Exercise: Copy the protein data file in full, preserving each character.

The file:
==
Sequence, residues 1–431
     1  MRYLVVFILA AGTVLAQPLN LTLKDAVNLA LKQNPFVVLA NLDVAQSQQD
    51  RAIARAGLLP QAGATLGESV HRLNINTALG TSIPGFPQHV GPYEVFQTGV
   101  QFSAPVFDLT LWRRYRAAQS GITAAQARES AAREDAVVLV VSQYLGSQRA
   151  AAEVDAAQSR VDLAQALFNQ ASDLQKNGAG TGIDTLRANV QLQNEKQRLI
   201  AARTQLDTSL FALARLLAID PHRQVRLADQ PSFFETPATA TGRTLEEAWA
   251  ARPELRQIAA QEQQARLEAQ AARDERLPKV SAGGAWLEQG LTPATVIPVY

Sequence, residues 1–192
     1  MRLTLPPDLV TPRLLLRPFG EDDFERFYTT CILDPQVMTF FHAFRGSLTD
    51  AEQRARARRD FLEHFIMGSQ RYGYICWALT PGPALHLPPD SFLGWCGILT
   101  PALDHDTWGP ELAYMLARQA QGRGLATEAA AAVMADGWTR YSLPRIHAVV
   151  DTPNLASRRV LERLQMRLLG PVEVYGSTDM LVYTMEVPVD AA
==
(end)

Sequence, residues 1–431
     1  MRYLVVFILA AGTVLAQPLN LTLKDAVNLA LKQNPFVVLA NLDVAQSQQD
    51  RAIARAGLLP QAGATLGESV HRLNINTALG TSIPGFPQHV GPYEVFQTGV
   101  QFSAPVFDLT LWRRYRAAQS GITAAQARES AAREDAVVLV VSQYLGSQRA
   151  AAEVDAAQSR VDLAQALFNQ ASDLQKNGAG TGIDTLRANV QLQNEKQRLI
   201  AARTQLDTSL FALARLLAID PHRQVRLADQ PSFFETPATA TGRTLEEAWA
   251  ARPELRQIAA QEQQARLEAQ AARDERLPKV SAGGAWLEQG LTPATVIPVY

Sequence, residues 1–192
     1  MRLTLPPDLV TPRLLLRPFG EDDFERFYTT CILDPQVMTF FHAFRGSLTD
    51  AEQRARARRD FLEHFIMGSQ RYGYICWALT PGPALHLPPD SFLGWCGILT
   101  PALDHDTWGP ELAYMLARQA QGRGLATEAA AAVMADGWTR YSLPRIHAVV
   151  DTPNLASRRV LERLQMRLLG PVEVYGSTDM LVYTMEVPVD AA